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A Young Womans Journey into the Non Profit World

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Nov 24, 2015
by Emily Reers

On the first day of my first internship within the non-profit sector, I knew that this was where I belonged. Throughout high school, I actively participated in a variety of community service projects and absolutely loved it. When I toured Providence College, during the spring of my junior year, and heard about their Public and Community Service Studies major I realized that my passion for service could one day translate into a career. Providence College instantly became my number one school. Thankfully I got in and immediately declared Public and Community Service Studies as my major.

The summer after my freshman year, I got my first official taste of working in the non-profit world as an intern for the Volunteer Center of Bergen County. I learned a great deal about the non-profit sector over the course of this summer. First off, I learned about how a non-profit is run. The Volunteer Center's mission is to "strengthen the community by connecting people through service and developing civic leaders."  Accomplishing this mission was their main goal and the motivation behind all of their actions. The organization was also run very democratically. While everyone had their positions and there was a hierarchy, like most companies, everyone helped each another out, bounced ideas off one another, and worked as a unit to accomplish their mission. It was not a cut throat environment where people were backstabbing their colleagues to get to the top, but a friendly, supportive, and enthusiastic environment. The employees' passion also got me hooked on the non-profit world. Their passion for this mission was clear in their conversations with community members, during events and fundraisers, and in all their day to day actions. Every day that I worked at the Volunteer Center, I left the office knowing that the work that I had done that day was meaningful and that felt great. In addition, during this internship I was able to meet so many people from a variety of non-profits in the area. I was constantly inspired by the people I was meeting. Their desire to bring about positive change in the world was a breath of fresh air in our often materialistic, selfish world.

The next three years, I spent a lot of time trying to figure out what population I wanted to work with once I graduated from school. I knew that I wanted to work at a non-profit but I did not know what type of non-profit I wanted to work for. During my time at Providence, I volunteered at an elementary school, a high school, an orphanage, and a soup kitchen/food pantry. While I learned so much and thoroughly enjoyed all of these experiences, I knew that I had yet to find my area of interest. That was until the second semester of my senior year. I decided to participate in a spring break school trip to Nicaragua to study Global Coffee Culture. Through the trip, and a course that our group took on this topic, I found my niche. When I learned about the injustices that occur in the coffee industry and how unfair coffee farmers are treated I was outraged. I was constantly researching the topic and every time I learned more about it my desire to fight against these injustices grew.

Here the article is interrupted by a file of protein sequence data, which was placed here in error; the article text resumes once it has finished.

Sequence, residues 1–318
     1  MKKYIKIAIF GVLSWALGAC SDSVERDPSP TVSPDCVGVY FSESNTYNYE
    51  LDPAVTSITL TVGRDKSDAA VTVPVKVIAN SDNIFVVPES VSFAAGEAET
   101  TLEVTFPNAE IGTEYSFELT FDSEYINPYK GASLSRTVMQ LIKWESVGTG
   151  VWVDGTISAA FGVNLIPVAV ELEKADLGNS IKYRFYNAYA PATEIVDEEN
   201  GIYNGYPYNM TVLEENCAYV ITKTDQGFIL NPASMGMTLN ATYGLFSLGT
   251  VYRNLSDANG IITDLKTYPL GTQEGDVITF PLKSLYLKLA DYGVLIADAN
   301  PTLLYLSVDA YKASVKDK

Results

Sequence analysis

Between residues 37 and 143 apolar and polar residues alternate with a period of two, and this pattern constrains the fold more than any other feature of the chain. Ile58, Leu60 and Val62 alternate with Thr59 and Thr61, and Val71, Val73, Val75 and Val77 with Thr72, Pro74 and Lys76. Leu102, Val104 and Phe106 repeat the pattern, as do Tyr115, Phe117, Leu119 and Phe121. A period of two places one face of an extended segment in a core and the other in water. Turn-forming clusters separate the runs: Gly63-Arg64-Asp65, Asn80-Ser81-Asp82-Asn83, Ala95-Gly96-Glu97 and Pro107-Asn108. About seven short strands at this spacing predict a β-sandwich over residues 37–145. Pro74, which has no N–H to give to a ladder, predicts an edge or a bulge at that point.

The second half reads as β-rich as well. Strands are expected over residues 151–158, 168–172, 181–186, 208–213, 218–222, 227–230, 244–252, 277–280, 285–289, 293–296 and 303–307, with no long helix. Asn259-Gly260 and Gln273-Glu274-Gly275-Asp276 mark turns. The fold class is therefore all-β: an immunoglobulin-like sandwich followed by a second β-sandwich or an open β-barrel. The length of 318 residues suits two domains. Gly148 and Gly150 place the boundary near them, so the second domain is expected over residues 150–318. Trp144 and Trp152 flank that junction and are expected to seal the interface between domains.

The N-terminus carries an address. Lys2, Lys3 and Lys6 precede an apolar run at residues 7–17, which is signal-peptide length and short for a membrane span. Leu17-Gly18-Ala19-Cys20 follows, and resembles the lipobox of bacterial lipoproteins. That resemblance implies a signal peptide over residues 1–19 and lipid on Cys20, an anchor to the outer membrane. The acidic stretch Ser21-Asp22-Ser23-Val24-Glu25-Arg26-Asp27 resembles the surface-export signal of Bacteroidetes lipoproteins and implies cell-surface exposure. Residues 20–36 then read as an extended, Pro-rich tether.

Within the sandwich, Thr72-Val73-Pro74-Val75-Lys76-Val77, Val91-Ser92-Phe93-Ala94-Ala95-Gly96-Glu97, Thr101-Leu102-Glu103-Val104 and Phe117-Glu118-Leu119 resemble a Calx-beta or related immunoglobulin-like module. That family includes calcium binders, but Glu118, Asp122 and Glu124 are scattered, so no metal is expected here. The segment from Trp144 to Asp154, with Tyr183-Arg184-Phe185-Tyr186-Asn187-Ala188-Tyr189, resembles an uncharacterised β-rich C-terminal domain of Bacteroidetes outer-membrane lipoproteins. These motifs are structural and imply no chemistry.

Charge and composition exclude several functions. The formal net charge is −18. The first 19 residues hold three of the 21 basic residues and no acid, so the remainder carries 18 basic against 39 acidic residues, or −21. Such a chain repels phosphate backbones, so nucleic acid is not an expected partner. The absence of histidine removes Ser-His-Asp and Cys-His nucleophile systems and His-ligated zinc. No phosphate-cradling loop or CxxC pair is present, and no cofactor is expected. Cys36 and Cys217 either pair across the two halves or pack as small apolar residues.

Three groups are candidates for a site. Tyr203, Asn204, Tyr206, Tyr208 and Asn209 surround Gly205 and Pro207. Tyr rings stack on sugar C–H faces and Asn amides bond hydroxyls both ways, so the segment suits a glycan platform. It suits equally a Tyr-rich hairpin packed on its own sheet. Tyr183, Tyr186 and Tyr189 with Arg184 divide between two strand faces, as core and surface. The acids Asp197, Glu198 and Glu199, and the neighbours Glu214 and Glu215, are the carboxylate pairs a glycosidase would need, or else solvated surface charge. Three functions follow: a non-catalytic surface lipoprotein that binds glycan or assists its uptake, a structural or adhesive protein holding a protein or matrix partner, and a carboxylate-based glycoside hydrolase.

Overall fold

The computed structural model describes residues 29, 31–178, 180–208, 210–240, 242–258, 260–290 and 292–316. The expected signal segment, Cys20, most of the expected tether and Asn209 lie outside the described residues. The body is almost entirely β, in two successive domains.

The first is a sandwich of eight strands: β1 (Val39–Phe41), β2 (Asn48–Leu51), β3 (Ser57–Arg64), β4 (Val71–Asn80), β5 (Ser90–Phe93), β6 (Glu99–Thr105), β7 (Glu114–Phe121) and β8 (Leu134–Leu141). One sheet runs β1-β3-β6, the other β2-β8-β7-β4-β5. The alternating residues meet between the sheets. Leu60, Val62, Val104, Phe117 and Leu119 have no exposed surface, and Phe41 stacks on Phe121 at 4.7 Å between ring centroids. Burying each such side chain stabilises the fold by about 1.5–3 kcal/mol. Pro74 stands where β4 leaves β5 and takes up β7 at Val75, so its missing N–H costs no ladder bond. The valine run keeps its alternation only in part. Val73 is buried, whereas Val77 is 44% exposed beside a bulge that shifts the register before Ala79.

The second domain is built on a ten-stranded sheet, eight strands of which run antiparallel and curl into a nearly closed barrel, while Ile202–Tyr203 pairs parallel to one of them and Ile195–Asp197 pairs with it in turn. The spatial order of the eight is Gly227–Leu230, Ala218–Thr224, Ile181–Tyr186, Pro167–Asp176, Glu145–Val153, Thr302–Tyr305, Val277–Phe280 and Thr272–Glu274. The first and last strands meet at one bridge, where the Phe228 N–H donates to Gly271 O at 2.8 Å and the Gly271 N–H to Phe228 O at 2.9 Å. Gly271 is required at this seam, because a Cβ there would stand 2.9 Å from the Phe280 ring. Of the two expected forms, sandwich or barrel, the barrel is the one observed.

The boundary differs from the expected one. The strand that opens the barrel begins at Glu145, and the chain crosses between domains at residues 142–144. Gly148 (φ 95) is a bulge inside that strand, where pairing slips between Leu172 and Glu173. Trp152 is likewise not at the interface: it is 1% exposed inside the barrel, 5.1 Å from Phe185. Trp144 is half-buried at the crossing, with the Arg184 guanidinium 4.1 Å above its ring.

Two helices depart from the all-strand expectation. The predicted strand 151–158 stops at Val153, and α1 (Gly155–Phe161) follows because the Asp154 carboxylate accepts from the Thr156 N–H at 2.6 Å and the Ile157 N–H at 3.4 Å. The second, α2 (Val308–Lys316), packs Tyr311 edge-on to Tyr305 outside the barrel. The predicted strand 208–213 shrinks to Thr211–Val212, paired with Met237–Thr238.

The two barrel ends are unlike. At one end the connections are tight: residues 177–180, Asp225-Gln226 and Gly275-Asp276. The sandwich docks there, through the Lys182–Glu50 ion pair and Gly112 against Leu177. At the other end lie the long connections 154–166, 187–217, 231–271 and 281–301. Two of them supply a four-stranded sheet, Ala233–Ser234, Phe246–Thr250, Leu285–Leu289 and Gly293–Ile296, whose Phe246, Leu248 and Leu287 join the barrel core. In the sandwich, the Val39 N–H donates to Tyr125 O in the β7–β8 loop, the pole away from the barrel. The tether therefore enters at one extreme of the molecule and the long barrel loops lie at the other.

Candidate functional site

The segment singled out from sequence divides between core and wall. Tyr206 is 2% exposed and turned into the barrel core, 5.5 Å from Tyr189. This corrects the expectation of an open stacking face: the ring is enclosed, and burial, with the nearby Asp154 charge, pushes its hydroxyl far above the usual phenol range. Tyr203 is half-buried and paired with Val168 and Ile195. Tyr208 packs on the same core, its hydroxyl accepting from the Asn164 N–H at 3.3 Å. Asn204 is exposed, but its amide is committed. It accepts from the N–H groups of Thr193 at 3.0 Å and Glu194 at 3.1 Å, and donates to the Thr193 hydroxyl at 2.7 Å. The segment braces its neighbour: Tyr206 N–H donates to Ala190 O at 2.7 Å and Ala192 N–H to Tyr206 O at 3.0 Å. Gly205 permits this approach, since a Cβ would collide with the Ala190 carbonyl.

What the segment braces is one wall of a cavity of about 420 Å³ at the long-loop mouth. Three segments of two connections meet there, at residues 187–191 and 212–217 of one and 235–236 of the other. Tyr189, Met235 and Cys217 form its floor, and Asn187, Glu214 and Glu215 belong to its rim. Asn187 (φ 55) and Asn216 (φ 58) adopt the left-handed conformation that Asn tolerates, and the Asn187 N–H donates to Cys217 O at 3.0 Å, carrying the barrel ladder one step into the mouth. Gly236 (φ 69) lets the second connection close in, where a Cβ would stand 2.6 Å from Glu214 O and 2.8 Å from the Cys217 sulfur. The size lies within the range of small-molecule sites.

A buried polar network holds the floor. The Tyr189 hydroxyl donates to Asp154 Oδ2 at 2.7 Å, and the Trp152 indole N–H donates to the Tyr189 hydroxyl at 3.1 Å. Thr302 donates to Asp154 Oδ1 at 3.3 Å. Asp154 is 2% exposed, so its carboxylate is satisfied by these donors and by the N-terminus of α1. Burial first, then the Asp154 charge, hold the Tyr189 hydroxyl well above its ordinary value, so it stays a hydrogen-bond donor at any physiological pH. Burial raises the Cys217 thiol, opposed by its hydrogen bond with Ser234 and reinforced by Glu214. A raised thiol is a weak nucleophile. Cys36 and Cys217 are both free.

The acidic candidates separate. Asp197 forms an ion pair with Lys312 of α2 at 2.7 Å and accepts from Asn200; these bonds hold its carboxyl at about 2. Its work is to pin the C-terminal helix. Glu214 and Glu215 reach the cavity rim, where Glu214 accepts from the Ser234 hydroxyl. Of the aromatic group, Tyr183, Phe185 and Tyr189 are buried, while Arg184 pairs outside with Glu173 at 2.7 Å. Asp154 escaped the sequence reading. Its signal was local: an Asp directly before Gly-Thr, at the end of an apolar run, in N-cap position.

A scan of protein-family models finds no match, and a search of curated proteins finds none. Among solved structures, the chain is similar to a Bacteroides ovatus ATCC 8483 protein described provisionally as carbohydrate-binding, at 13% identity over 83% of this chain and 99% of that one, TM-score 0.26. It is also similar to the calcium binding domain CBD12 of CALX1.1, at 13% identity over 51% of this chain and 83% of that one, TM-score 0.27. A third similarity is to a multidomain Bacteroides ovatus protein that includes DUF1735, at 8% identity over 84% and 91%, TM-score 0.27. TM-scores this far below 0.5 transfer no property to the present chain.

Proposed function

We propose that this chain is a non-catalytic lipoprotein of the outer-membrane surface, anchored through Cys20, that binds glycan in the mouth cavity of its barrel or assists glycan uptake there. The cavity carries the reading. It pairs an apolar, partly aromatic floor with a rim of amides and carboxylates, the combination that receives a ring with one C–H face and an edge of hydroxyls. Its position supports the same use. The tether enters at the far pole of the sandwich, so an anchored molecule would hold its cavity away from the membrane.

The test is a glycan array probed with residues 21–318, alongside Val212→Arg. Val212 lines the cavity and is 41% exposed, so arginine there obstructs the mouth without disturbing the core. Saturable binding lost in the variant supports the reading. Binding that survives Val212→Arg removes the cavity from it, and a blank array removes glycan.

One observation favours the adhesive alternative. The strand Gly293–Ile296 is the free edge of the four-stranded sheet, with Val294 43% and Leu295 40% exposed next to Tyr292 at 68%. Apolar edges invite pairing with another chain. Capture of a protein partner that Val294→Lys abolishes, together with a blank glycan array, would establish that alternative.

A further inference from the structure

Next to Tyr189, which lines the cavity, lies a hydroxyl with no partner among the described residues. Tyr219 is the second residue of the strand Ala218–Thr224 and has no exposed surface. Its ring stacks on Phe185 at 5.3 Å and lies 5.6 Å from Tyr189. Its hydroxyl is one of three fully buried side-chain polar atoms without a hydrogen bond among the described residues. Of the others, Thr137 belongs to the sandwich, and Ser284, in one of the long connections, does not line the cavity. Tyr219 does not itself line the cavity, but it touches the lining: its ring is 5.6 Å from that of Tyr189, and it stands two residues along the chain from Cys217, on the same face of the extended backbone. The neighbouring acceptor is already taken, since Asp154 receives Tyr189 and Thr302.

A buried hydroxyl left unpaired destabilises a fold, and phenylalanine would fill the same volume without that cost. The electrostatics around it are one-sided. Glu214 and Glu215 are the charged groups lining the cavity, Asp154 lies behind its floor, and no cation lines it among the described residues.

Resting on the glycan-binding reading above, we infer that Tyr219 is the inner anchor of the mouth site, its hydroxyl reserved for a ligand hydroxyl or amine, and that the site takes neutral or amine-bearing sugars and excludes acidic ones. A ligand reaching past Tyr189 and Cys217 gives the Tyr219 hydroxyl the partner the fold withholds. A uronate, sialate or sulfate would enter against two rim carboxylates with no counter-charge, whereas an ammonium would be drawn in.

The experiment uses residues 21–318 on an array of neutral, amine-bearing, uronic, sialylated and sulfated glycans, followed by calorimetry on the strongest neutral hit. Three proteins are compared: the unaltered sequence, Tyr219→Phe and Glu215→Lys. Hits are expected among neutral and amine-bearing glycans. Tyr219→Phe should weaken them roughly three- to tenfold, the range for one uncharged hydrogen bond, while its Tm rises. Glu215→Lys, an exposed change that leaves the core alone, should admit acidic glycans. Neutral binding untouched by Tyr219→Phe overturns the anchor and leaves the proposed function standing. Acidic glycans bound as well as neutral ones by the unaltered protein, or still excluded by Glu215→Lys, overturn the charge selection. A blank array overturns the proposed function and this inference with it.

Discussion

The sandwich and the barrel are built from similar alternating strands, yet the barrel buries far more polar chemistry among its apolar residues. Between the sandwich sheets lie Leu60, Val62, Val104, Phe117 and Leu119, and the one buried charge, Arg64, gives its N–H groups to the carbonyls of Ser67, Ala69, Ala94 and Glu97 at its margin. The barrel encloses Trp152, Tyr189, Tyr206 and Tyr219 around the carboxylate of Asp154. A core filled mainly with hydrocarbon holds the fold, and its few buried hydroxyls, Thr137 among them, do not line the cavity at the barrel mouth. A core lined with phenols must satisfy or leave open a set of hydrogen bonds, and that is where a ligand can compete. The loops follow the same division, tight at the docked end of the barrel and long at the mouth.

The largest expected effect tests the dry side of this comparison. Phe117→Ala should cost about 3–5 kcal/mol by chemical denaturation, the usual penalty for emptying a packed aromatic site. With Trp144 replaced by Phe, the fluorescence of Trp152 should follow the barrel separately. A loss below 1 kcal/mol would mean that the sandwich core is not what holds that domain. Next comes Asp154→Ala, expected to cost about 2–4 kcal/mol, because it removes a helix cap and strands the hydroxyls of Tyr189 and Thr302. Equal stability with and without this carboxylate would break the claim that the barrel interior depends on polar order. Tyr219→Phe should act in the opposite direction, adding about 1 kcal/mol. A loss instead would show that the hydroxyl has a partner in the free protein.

Following graduation, I started applying to jobs in the fair trade industry and in August I got a job at Equal Exchange, an authentic fair trade company whose mission is to "build long-term trade partnerships that are economically just and environmentally sound, to foster mutually beneficial relationships between farmers and consumers and to demonstrate, through our success, the contribution of worker co-operatives and Fair Trade to a more equitable, democratic and sustainable world." I was hired as a temporary employee and have recently been hired full time as their Fundraising Program Coordinator. Another great aspect of Equal Exchange is that it is a worker-owned coop, which means that the company is democratically run, with each employee having an equal stake and vote in the company.

I was able to find an organization that had everything I have been looking for since that summer of my freshman year. The work environment is supportive, democratic, ambitious, and inspired. The employees are devoted to accomplishing their mission and fervent about promoting authentic fair trade. And I leave work every day knowing that my work is meaningful, that I am that I am working for company whose mission I passionate about, and that I am playing a small part in trying to end unjust practices against small farmers all over the world.